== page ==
Formerly N.I. legislation - now general helmet argument

This sub-forum all discussions about this "lively" subject. All topics that are substantially about helmets will be moved here, if not placed here correctly in the first place.
Nutsey
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Re: Formerly N.I. legislation - now general helmet argument

Postby Nutsey » 4 Feb 2011, 7:03pm

KTM690 wrote:Public opinion is very persuasive in MP's decisions. They are, after all, solely concerned with the accquisition of power and retention of it.



Hi KTM690

I have started a group called "Nutsey & Friends" for this very reason. We plan to persuade MPs and other influential people to back non-helmet wearing cyclists. Its gathering momentum already.

The first meeting is scheduled for next Friday in Stockport at Anne Coffee's surgery.

KTM690
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Re: Formerly N.I. legislation - now general helmet argument

Postby KTM690 » 4 Feb 2011, 7:11pm

Nutsey wrote:
KTM690 wrote:Public opinion is very persuasive in MP's decisions. They are, after all, solely concerned with the accquisition of power and retention of it.



Hi KTM690

I have started a group called "Nutsey & Friends" for this very reason. We plan to persuade MPs and other influential people to back non-helmet wearing cyclists. Its gathering momentum already.

The first meeting is scheduled for next Friday in Stockport at Anne Coffee's surgery.


Try finding evidence from parralel pursuits.

Maybe headguards for boxers or helmets for equestrians?

i was very anti headguard for boxing as it increases leverage on the brain when you recieve a punch.

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meic
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Re: Formerly N.I. legislation - now general helmet argument

Postby meic » 4 Feb 2011, 7:16pm

KTM690 wrote:
Nutsey wrote:
KTM690 wrote:Public opinion is very persuasive in MP's decisions. They are, after all, solely concerned with the accquisition of power and retention of it.



Hi KTM690

I have started a group called "Nutsey & Friends" for this very reason. We plan to persuade MPs and other influential people to back non-helmet wearing cyclists. Its gathering momentum already.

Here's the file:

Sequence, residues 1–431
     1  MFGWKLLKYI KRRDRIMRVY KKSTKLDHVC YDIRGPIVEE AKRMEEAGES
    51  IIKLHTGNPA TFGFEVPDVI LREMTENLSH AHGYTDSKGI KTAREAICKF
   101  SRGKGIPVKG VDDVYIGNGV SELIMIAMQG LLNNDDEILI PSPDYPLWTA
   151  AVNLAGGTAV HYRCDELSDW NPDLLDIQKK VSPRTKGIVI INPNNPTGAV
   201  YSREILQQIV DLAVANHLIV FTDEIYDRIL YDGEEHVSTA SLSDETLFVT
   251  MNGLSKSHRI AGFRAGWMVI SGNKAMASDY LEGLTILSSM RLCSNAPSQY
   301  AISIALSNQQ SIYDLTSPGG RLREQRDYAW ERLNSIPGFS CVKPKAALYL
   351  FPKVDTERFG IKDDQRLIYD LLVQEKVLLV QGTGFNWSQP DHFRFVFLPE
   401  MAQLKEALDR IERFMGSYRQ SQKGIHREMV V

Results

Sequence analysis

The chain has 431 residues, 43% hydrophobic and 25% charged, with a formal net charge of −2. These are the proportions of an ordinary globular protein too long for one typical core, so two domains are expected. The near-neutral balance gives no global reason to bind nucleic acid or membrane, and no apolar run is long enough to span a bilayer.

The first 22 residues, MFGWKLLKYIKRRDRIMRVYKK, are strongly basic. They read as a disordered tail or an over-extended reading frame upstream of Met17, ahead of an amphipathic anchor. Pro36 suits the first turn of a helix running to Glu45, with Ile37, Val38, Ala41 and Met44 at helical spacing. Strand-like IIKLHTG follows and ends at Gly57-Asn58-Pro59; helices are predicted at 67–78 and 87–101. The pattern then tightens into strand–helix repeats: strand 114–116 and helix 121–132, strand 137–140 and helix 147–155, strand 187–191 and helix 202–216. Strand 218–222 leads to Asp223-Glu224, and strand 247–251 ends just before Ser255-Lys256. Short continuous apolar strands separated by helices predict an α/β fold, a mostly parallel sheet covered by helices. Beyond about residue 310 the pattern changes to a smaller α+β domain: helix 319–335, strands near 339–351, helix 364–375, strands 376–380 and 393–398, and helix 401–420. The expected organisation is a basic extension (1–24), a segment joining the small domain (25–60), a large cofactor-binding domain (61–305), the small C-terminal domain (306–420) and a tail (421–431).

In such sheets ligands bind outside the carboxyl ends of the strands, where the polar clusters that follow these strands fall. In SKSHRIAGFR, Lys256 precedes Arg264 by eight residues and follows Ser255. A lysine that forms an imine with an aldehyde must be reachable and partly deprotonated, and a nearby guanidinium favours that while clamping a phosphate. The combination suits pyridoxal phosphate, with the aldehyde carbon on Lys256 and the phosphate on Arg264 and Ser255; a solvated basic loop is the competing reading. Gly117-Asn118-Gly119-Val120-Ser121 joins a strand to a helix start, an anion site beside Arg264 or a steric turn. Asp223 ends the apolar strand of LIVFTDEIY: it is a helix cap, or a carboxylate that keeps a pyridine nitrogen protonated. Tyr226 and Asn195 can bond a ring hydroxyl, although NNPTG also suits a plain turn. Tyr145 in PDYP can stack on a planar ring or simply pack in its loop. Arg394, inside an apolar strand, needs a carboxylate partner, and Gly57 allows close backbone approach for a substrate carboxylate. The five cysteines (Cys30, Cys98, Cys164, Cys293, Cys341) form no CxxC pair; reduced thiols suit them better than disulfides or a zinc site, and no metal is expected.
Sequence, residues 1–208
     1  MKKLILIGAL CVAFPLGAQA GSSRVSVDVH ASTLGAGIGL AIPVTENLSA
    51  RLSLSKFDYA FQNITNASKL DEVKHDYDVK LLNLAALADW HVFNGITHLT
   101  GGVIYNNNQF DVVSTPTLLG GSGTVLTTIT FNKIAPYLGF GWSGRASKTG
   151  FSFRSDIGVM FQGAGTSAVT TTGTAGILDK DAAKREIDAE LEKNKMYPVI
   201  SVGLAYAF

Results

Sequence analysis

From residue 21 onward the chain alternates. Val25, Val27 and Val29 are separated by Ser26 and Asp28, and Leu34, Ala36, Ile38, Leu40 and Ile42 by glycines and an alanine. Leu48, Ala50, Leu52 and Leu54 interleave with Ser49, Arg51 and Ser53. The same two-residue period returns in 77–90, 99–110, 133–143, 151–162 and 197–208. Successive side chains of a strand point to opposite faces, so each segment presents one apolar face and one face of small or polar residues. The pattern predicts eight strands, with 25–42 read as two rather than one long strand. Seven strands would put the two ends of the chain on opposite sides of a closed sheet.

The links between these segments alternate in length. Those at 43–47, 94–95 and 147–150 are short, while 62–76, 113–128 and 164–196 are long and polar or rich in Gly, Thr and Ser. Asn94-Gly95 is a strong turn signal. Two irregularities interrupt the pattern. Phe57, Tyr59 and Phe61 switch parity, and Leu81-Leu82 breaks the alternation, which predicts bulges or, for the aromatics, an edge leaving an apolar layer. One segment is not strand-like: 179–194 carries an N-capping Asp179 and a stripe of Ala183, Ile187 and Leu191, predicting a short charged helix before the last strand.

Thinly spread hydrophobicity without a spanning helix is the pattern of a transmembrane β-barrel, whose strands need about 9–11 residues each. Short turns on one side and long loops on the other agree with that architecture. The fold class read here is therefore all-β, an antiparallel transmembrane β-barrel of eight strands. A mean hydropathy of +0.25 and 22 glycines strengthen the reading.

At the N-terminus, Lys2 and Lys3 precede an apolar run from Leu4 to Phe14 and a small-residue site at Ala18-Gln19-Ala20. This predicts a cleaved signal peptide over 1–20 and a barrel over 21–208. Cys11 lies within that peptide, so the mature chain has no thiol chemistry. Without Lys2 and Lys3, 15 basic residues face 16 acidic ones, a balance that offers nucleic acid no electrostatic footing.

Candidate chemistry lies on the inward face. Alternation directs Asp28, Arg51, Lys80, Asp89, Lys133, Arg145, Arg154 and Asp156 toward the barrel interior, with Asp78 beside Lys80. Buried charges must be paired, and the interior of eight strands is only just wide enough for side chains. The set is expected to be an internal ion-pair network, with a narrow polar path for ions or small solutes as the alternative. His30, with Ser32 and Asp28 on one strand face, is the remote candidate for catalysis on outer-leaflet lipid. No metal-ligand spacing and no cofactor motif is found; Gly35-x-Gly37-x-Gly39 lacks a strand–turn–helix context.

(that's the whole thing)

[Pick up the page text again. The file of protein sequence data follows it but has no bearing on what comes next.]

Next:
The first meeting is scheduled for next Friday in Stockport at Anne Coffee's surgery.


Try finding evidence from parralel pursuits.

Maybe headguards for boxers or helmets for equestrians?

i was very anti headguard for boxing as it increases leverage on the brain when you recieve a punch.


Are you after some sort of award for self-contradictory statements?
Yma o Hyd

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Cunobelin
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Re: Formerly N.I. legislation - now general helmet argument

Postby Cunobelin » 4 Feb 2011, 7:23pm

KTM690 wrote:
Even the chap who undertook the van driver on BBC was wearing one - and high viz too!


A different interpretation from the Judge there - perhaps he saw a different video from the one you are watching?

Steady rider
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Re: Formerly N.I. legislation - now general helmet argument

Postby Steady rider » 4 Feb 2011, 7:29pm

http://www.saddoboxing.com/boxingforum/ ... uards.html

accident data shows more face impacts than head (part covered by an helmet) so the next step is a nose guard for some.

with a helmet and nose guard they may get a part in a movie

KTM690
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Re: Formerly N.I. legislation - now general helmet argument

Postby KTM690 » 4 Feb 2011, 7:31pm

Cunobelin wrote:
KTM690 wrote:
Even the chap who undertook the van driver on BBC was wearing one - and high viz too!


A different interpretation from the Judge there - perhaps he saw a different video from the one you are watching?



Must've been if he didn't notice the chap wears a cycle hat and high viz cycle clothing

Steady rider
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Re: Formerly N.I. legislation - now general helmet argument

Postby Steady rider » 4 Feb 2011, 8:17pm

I suppose a boxer may be hit on the head say 10 times in 10 minutes of boxing. One per minute.

A cyclist may ride for 50 years, say 5 hours per week and never hit their head,
50 x 5 x 52 x 60 = 780,000 minutes and no hits.

One difference would be the level of risk.
Enjoyment and convenience are reasons to cycle and for some people having to strap on a helmet could be a negative issue.

Horse riding accident data, their proportion of head injury may be different to cyclist, hits rate per hour/ ? Level of risk is probaby not that high but I would guess higher than cycling.
A horse can bolt or the rider lose balance, so comparing with cycling may have little if any value. Helmet effects on balance and riding stability may not be similar but helmets may add to feeling hot at times for both. Horse riders are probably about 25% higher from the ground. Horses may also kick the rider etc.

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Cunobelin
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Re: Formerly N.I. legislation - now general helmet argument

Postby Cunobelin » 4 Feb 2011, 8:39pm

Steady rider wrote:I suppose a boxer may be hit on the head say 10 times in 10 minutes of boxing. One per minute.

A cyclist may ride for 50 years, say 5 hours per week and never hit their head,
50 x 5 x 52 x 60 = 780,000 minutes and no hits.

One difference would be the level of risk.
Enjoyment and convenience are reasons to cycle and for some people having to strap on a helmet could be a negative issue.